András Schiff & Friends – Bartók (3)

Bartók
String Quartet No.3
Mikrokosmos – Book VI: Six Dances in Bulgarian Rhythm
Suite
Piano Sonata
String Quartet No.6

András Schiff (piano), Gábor Tákacs-Nagy & Zoltán Tuska (violins), Sándor Papp (viola) & Miklós Perényi (cello)


Reviewed by: Richard Whitehouse

Reviewed: 10 June, 2007
Venue: Southbank Centre, London – Queen Elizabeth Hall

The final recital in this series devoted to Bartók’s chamber music followed a similar format of piano works framed by two of the string quartets. And, given that these were the Third and Sixth of the series, the contrast on all levels was heard at its most acute. Certainly the Third Quartet (1927) is Bartók at his most radical and uncompromising: its 15-minute span at once a single movement whose three – possibly four – main sub-divisions can correspond either to a compressed Classical structure or to an expanded sonata entity, depending on where the formal and expressive emphasis is placed.

It was to the credit of the specially formed Mikrokosmos Quartet that the musicians’ performance steered a fine line between these possibilities, without at all lacking focus or conviction as an interpretation. Thus the simmering intensity of the ‘Prima parte’ prepared the ground – without seeming introductory – for the lengthier and intensely argued ‘Seconda parte’, here dispatched with a driving but never headlong momentum whose necessary resolution was the ‘Ricapitulazione della prima parte’; less a truncated reprise than an inward distillation of the work’s motivic nexus, thus leaving the ‘Coda’ to drive home the accrued energy with a resolve the more impressive for eschewing easy aggression. Disciplined in manner yet spontaneous in delivery, this account reaffirmed the work’s claims to being Bartók’s masterpiece.

A highlight of these recitals has been András Schiff’s rendition of a selection from Bartók’s piano output. So it was here – beginning with Six Dances in Bulgarian Rhythm that are the culmination of the sixth and final book of Mikrokosmos (1939), a piano directory like no other. Too often wrestled to the ground by not-so-advanced students, it was a pleasure to hear the dances given with such verve – Schiff pointing up differences in rhythmic emphasis while ensuring they ran together as a sequence. Likewise the Suite (1916) that is a crucial link in the decade witnessing Bartók’s voyage of discovery: accelerating from a quizzical ‘Allegretto’, through a capering ‘Scherzo’, to a motoric Allegro – before a ‘Sostenuto’ sets the preceding movements at a distance borne more of resignation than tranquillity.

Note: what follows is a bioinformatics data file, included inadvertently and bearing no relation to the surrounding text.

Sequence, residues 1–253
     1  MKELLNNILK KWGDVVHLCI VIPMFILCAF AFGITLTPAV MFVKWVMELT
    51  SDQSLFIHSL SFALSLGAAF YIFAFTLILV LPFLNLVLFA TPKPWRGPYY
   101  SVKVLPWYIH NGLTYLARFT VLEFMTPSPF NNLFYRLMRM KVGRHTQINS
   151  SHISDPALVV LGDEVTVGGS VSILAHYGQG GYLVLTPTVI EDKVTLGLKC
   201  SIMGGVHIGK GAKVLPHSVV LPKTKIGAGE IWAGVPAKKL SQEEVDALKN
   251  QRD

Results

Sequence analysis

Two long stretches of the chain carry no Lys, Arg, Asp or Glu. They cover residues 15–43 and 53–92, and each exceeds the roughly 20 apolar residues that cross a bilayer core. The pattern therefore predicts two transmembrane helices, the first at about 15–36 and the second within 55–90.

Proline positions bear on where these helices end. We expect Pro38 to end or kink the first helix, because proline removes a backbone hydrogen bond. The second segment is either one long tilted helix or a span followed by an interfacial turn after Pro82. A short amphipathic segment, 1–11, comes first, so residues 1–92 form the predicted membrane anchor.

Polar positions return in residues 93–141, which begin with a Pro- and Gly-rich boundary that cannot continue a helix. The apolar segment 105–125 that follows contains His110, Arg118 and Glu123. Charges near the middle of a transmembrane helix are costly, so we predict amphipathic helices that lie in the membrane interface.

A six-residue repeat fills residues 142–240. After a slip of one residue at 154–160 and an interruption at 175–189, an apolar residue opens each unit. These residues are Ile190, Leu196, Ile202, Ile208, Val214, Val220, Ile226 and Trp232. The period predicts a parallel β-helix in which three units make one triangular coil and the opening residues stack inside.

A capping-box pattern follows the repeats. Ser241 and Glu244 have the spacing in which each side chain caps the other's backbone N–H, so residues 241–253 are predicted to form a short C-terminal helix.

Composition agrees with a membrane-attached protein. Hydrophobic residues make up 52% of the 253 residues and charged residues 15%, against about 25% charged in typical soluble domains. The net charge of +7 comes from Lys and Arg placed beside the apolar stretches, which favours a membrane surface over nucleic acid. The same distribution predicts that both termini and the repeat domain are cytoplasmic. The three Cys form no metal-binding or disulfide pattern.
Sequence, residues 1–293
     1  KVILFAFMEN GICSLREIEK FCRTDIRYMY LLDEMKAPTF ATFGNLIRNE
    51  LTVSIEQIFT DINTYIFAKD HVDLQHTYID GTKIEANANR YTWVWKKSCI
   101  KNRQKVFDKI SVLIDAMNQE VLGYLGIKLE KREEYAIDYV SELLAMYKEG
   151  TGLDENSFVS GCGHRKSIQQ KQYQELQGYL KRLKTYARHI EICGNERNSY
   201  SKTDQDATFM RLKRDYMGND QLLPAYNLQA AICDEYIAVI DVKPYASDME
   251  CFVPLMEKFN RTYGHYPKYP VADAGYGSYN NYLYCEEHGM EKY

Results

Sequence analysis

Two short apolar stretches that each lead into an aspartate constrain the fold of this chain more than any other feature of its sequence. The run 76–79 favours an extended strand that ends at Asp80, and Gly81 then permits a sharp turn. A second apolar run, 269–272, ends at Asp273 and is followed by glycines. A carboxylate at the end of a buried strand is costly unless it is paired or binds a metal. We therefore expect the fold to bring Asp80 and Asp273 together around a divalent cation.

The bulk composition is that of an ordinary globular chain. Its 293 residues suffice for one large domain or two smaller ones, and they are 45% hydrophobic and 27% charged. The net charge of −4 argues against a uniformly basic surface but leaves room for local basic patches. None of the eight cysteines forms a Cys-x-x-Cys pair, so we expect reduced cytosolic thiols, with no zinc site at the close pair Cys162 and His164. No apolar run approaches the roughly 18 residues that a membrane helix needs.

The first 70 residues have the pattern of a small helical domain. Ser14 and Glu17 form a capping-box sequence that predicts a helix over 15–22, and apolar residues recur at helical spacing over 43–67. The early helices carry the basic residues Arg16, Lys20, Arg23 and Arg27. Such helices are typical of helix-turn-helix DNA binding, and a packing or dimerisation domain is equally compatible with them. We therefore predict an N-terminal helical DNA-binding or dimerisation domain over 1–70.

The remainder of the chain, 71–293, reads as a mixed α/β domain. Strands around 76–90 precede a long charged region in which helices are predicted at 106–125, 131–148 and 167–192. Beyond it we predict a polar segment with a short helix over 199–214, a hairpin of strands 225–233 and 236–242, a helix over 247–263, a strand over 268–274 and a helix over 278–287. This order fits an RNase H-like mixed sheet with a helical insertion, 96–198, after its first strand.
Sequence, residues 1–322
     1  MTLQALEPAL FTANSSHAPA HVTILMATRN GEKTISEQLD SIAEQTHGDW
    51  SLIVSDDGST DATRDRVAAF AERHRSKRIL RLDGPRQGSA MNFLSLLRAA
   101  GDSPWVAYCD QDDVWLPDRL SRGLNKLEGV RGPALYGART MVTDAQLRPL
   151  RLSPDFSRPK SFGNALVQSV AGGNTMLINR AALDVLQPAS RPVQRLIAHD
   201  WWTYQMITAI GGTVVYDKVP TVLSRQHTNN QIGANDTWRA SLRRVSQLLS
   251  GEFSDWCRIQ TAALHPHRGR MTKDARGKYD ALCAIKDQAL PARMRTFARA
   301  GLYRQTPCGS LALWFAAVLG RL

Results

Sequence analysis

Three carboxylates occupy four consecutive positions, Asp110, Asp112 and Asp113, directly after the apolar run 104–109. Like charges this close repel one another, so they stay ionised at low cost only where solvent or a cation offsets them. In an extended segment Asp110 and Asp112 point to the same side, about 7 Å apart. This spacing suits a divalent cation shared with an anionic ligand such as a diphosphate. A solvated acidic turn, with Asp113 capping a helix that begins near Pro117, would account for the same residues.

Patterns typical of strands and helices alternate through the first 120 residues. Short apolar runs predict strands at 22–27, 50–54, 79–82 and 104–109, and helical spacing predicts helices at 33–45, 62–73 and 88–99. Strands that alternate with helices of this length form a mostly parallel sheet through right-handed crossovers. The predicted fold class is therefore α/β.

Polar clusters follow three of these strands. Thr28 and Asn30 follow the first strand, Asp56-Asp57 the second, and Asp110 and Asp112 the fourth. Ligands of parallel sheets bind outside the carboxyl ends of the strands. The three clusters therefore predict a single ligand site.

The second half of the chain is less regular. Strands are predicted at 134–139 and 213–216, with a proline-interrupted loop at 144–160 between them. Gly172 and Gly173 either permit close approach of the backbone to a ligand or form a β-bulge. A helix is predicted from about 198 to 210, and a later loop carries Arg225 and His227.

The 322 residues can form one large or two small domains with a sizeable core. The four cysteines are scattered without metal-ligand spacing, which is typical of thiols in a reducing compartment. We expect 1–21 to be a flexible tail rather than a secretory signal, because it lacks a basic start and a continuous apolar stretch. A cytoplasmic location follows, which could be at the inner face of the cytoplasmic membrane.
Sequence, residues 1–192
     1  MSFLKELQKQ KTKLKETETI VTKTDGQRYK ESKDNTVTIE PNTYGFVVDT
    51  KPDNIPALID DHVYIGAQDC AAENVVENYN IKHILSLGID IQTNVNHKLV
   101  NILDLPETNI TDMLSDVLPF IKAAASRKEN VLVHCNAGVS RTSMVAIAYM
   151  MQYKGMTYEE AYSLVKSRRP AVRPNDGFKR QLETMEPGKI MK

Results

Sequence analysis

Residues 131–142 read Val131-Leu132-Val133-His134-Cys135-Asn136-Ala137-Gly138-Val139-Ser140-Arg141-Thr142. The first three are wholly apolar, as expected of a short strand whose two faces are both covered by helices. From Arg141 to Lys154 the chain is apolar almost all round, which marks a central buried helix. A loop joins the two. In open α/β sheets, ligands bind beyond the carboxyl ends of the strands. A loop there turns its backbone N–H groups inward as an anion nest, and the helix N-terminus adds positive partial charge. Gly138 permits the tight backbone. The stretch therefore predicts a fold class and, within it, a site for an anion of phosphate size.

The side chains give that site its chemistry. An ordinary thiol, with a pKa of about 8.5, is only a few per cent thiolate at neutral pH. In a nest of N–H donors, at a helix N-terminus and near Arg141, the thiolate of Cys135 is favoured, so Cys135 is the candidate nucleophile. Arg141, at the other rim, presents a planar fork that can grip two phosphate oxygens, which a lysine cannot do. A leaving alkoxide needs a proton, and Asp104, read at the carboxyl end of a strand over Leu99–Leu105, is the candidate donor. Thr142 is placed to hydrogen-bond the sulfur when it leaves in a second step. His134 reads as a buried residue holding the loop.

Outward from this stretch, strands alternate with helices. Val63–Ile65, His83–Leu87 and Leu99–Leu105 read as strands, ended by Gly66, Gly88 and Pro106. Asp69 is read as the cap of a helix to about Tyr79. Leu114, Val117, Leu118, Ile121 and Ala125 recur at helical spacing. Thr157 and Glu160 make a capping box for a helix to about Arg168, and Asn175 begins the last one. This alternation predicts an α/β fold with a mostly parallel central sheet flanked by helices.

Schiff propelled the work’s expressive trajectory with some mastery, and had enough in reserve for a scintillating account of the Sonata (1926) in which Bartók sets out the singular premises of his mature piano-writing. Maybe the central slow movement could have evinced even greater pathos beneath its monochrome sombreness, but the allegros either side were done with a judicious mix of the commanding and capricious – Schiff powering through the hair-raising final pages with irresistible virtuosity. A virtuosity the more impressive for being placed so evidently at the service of the music.

If the Sonata marks the eruptive beginning of Bartók’s most sustained phase of creativity, the Sixth Quartet (1939) marks its ambivalent end. With its four-movement form and air of restraint, this has been seen as a regression on the composer’s part – yet, as the players eloquently confirmed in this performance, there is nothing tentative or backward-looking about the music. How subtly they shaped the ‘Mesto’ theme prefacing each of the first three movements – a fervent yet distracted ‘Vivace’, a sardonic yet evidently pained ‘Marcia’, and a robust yet hollow ‘Burletta’ – before any pretence falls away in a finale where the ‘Mesto’ theme takes over in the most searching and vulnerable music that Bartók wrote.

That the composer never lived beyond sketching its successor is a great pity, but the Sixth Quartet breathes a (not so?) curious air of finality that makes it a fitting end to a masterly cycle; and, when rendered with such inwardly attuned conviction as here, the rightful close to a life-enhancing series.

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